Complete Short Works of George Meredith eBook

This eBook from the Gutenberg Project consists of approximately 640 pages of information about Complete Short Works of George Meredith.

‘Hark again!’ said Farina, in reply to the commendation of the Goshawk, whose face was dimpled over with the harmony.

The wild boar lay a-grunting,
A-grunting, tra-ra! 
And, boom! comes the Kaiser to hunt up me? 
Or, queak! the small birdie that hops on the tree? 
Tra-ra! 
O birdie, and boar, and deer, lie tame! 
For a maiden in bloom, or a full-blown dame,
Are the daintiest prey, and the windingest game,
When Kaisers go a-hunting,
Tra-ra! 
Ha, ha, ha, ha,
Tra-ra, tra-ra,
Ha-ha, tra-ra, tra-ra!

The voices held long on the last note, and let it die in a forest cadence.

’’Fore Gad! well done.  Hurrah!  Tra-ra, ha-ha, tra-ra!  That’s a trick we’re not half alive to at home,’ said Guy.  ’I feel friendly with these German lads.’

The Goshawk’s disposition toward German lads was that moment harshly tested by a smart rap on the shoulder from an end of German oak, and a proclamation that he was prisoner of the hand that gave the greeting, in the name of the White Rose Club.  Following that, his staff was wrested from him by a dozen stout young fellows, who gave him no time to get his famous distance for defence against numbers; and he and Farina were marched forthwith to the chorusing body in front of Gottlieb Groschen’s house.

THE MISSIVES

Of all the inmates, Gottlieb had slept most with the day on his eyelids, for Werner hung like a nightmare over him.  Margarita lay and dreamed in rose-colour, and if she thrilled on her pillowed silken couch like a tense-strung harp, and fretted drowsily in little leaps and starts, it was that a bird lay in her bosom, panting and singing through the night, and that he was not to be stilled, but would musically utter the sweetest secret thoughts of a love-bewitched maiden.  Farina’s devotion she knew his tenderness she divined:  his courage she had that day witnessed.  The young girl no sooner felt that she could love worthily, than she loved with her whole strength.  Muffed and remote came the hunting-song under her pillow, and awoke dreamy delicate curves in her fair face, as it thinned but did not banish her dream.  Aunt Lisbeth also heard the song, and burst out of her bed to see that the door and window were secured against the wanton Kaiser.  Despite her trials, she had taken her spell of sleep; but being possessed of some mystic maiden belief that in cases of apprehended peril from man, bed was a rock of refuge and fortified defence, she crept back there, and allowed the sun to rise without her.  Gottlieb’s voice could not awaken her to the household duties she loved to perform with such a doleful visage.  She heard him open his window, and parley in angry tones with the musicians below.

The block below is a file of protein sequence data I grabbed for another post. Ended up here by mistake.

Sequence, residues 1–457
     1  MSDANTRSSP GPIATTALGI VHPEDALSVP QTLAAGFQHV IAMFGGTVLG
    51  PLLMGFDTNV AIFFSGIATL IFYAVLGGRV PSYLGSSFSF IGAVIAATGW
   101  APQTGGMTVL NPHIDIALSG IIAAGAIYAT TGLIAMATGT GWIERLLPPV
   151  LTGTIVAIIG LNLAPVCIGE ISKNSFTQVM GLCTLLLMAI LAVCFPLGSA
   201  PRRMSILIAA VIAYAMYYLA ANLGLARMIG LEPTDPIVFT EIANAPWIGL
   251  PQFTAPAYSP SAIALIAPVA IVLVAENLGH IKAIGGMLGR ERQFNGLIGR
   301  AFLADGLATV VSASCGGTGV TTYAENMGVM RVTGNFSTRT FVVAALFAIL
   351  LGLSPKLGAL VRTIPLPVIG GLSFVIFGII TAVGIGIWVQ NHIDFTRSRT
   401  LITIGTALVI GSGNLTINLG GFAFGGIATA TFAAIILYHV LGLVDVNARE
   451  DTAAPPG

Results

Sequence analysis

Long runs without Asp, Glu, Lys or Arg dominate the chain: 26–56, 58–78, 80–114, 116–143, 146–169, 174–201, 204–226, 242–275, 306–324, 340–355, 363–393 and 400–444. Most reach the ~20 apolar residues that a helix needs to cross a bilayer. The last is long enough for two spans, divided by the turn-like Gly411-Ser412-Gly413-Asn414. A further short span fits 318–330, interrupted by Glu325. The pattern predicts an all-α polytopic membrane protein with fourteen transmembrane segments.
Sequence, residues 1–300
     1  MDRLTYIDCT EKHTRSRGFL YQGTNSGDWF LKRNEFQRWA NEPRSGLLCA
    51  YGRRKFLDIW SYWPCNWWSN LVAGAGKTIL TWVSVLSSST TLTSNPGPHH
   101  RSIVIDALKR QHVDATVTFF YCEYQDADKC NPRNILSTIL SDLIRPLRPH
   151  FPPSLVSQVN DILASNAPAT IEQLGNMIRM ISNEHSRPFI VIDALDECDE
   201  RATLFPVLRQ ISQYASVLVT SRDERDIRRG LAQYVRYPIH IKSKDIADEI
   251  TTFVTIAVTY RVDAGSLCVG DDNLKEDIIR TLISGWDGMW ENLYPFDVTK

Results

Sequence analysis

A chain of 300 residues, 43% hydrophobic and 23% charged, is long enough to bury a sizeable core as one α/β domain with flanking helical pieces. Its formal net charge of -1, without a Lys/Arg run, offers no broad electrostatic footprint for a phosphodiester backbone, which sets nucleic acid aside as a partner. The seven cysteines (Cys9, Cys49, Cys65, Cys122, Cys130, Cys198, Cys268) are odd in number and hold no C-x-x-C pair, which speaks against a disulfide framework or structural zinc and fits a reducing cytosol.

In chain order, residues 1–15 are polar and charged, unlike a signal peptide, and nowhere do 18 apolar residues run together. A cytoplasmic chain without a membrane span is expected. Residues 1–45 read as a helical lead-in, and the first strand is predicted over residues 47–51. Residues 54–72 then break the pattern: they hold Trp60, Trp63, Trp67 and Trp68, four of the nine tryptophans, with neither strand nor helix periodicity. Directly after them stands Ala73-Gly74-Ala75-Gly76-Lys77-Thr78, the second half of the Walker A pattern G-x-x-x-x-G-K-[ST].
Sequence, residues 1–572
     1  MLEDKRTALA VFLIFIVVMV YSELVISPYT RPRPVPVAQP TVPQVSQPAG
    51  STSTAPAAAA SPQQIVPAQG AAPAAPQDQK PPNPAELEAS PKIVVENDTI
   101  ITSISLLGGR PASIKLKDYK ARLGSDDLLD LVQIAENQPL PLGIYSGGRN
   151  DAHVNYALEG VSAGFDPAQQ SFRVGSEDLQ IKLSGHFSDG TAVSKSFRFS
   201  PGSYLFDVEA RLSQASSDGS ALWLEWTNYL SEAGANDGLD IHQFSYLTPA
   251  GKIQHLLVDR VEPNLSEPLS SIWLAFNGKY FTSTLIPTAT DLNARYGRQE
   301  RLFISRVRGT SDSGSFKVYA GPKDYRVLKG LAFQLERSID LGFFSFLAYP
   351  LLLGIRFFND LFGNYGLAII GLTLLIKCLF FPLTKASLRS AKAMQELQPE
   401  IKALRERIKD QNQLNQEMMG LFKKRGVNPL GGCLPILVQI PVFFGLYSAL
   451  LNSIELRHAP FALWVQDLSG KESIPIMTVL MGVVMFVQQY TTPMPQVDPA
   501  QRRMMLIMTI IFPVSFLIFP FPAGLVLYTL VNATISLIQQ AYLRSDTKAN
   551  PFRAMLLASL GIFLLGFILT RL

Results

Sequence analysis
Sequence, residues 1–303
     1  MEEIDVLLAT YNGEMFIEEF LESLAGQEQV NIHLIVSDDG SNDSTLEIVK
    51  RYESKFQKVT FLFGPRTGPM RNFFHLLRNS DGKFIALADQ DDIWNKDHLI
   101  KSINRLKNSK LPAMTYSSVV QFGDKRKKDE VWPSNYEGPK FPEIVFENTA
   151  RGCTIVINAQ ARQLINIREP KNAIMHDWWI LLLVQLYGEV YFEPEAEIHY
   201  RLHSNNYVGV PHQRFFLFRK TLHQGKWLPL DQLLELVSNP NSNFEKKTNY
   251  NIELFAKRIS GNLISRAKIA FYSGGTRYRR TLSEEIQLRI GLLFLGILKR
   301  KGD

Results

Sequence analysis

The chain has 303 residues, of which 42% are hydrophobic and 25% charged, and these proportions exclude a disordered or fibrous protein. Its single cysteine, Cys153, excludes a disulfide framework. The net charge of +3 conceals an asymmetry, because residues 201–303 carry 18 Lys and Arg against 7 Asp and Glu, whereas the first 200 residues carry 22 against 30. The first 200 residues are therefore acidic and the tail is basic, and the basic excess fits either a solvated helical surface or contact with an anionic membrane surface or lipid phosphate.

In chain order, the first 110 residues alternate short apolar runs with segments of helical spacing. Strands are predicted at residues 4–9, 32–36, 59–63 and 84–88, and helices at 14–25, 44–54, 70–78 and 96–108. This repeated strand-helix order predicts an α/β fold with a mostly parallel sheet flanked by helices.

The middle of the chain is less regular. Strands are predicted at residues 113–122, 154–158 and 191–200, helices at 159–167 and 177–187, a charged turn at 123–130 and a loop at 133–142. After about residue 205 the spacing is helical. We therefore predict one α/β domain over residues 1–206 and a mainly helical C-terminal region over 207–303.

‘Decoys!’ muttered Aunt Lisbeth; ‘be thou alive to them, Gottlieb!’

He went downstairs and opened the street door, whereupon the scolding and railing commenced anew.

Copyrights
Project Gutenberg
Complete Short Works of George Meredith from Project Gutenberg. Public domain.
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